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Portable Solar Powered Air-Cooling Unit

A. Liam McTaggart , B. Mackenzie Hill, C. Chris Packman, D. Rony Shohet


Supervisor: Dr. Jacob Freidman

Abstract
2. Establishment of Requirements
The purpose of this endeavor was to
conceptualize a viable solar-powered system Research was conducted to understand the current
capable of cooling a medical shelter up to situation in disaster relief efforts. It was found that
576ft2 in the fallout of a disaster. The scope of there were no standard hospital shelters for use in
this report mainly encompasses the analysis and disaster situations by aid efforts. In addition, it was
determination of requirements for a worst- found that shelters are selected based on the medical
case cooling scenario, and the subsequent requirements of each situation individually, and are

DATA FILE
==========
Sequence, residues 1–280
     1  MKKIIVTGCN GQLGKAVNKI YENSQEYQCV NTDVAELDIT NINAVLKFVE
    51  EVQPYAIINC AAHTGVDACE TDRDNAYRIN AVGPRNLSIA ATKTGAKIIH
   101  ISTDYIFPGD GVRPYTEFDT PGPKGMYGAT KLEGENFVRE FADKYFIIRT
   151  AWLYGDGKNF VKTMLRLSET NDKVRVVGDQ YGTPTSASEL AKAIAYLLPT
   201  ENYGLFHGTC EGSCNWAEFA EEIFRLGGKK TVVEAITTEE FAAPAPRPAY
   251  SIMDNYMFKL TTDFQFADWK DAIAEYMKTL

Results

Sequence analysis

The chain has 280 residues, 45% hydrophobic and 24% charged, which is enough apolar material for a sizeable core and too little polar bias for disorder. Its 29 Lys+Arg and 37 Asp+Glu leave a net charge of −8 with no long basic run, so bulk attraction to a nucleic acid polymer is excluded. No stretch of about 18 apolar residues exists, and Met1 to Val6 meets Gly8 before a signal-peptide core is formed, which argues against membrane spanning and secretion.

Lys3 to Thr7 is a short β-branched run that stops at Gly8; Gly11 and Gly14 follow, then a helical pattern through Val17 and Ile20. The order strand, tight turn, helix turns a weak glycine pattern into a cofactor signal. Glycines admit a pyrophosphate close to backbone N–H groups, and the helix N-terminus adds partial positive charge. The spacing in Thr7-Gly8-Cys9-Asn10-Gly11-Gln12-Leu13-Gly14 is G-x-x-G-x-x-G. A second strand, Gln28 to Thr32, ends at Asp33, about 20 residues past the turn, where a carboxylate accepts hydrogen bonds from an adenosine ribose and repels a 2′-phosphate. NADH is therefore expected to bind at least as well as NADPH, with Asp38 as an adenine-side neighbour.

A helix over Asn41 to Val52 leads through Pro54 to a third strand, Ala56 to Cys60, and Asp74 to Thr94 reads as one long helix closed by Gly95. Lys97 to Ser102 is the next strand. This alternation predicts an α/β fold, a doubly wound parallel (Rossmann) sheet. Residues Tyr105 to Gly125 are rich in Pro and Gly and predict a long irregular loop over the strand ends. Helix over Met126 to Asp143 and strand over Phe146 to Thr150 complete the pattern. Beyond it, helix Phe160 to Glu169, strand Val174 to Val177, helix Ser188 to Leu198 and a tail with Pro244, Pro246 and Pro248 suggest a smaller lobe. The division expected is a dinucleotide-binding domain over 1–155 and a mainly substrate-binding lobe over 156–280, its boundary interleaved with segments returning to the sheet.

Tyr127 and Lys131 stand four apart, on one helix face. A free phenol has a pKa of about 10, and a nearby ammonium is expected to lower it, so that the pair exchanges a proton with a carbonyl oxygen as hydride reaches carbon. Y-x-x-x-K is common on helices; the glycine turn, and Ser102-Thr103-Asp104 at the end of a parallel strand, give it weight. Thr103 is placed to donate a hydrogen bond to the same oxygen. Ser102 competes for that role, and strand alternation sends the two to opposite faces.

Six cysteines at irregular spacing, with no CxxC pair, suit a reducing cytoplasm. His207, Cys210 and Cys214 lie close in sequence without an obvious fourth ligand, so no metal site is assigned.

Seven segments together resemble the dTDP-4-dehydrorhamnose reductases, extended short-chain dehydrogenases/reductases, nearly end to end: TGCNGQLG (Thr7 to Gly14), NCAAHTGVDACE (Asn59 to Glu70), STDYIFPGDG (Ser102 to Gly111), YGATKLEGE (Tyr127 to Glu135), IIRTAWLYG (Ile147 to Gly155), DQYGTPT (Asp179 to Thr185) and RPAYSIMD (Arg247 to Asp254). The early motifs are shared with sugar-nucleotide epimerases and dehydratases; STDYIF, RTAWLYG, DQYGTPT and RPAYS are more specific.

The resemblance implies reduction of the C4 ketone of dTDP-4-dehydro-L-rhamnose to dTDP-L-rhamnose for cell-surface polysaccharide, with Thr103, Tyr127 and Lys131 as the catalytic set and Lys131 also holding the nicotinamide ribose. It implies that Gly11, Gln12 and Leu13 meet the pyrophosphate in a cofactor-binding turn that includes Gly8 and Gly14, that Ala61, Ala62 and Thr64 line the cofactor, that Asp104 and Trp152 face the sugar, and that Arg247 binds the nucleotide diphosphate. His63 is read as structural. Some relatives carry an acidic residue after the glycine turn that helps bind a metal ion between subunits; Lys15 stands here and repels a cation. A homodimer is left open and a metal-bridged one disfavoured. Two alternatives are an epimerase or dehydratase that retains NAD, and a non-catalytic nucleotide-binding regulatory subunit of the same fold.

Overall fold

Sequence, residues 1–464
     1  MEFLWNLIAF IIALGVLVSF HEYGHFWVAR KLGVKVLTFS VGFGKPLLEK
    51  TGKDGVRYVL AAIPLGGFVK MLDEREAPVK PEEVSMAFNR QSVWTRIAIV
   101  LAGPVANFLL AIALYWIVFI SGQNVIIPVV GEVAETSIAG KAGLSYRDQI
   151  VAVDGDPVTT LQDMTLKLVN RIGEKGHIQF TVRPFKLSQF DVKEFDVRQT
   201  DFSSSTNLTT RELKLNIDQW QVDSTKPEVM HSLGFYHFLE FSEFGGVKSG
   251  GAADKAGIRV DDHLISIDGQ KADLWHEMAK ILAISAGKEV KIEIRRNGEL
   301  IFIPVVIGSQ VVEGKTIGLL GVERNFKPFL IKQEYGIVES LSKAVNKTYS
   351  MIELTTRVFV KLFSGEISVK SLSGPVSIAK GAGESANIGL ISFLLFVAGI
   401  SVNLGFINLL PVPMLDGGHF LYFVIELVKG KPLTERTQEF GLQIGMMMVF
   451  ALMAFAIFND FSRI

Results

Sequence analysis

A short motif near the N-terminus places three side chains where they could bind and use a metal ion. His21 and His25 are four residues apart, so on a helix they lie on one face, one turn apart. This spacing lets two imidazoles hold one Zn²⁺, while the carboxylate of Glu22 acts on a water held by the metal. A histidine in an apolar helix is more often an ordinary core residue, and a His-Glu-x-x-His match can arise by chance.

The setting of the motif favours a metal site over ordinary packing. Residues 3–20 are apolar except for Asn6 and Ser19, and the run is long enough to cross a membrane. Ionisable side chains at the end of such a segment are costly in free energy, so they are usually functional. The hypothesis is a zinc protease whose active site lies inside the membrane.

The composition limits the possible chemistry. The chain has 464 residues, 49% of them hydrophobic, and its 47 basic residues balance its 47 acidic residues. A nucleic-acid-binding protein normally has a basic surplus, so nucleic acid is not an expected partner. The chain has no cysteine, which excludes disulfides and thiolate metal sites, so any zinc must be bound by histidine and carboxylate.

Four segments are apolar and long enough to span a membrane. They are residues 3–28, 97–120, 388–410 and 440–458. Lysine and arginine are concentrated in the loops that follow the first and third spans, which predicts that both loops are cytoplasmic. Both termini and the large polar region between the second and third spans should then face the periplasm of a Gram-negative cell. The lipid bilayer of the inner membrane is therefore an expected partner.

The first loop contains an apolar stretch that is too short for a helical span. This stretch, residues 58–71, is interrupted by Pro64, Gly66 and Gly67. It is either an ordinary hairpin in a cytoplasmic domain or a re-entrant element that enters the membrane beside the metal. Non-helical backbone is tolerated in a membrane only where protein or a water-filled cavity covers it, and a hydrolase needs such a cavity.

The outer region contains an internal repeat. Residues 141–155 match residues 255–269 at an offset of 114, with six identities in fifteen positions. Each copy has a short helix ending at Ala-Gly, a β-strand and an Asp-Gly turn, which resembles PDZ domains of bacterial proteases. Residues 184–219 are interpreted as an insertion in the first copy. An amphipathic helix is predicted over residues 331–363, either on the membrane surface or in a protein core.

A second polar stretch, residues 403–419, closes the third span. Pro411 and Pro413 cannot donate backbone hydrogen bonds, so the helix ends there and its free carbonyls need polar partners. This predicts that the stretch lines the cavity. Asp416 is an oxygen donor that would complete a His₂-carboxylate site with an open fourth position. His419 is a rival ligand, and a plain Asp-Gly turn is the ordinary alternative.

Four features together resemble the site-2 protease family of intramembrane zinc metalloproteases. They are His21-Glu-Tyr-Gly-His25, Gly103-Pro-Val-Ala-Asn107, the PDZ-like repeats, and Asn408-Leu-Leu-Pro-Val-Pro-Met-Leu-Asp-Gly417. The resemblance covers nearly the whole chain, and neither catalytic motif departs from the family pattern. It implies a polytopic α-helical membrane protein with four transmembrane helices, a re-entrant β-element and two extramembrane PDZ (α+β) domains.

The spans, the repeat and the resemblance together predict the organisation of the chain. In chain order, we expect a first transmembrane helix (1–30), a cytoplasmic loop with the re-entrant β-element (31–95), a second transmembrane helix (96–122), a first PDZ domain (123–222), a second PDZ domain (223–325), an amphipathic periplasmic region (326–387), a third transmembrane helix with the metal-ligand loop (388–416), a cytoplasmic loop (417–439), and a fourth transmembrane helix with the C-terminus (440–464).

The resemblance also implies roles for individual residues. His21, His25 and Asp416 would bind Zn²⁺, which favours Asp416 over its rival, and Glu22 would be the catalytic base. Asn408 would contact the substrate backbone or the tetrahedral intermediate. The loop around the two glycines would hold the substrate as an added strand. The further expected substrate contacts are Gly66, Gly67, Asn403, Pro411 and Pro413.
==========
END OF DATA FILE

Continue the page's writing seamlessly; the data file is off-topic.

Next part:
design process used in sizing and configuring a supplied by a variety of sources based on
system capable of meeting these demands. The availability. A 576-square foot spun-polyester
final design incorporates a collapsible solar insulated hospital tent was selected as a benchmark
photovoltaic array in conjunction with a battery [1]. This was decided based on a review of available
bank, inverter system, and 3.5-ton air-cooling hospital shelters, and it was determined that this was
unit. The effectiveness of the solar panels, large enough to be considered the worst-case
batteries and the subsequent powering of the scenario cooling demand for this design.
air-cooling unit was verified by using eQuest
and TRNSYS. Through iterations, the solar Next, research was made focusing the areas affected
powered cooling unit was conceptualized to by natural disaster with the highest frequency and
have 20 solar panels, cover 360 ft2 and 20 magnitude. It was found that areas in Southern Asia
batteries, outputting 1000 watt-hours. are affected more than any other region in the world.
Bangladesh was chosen as the benchmark location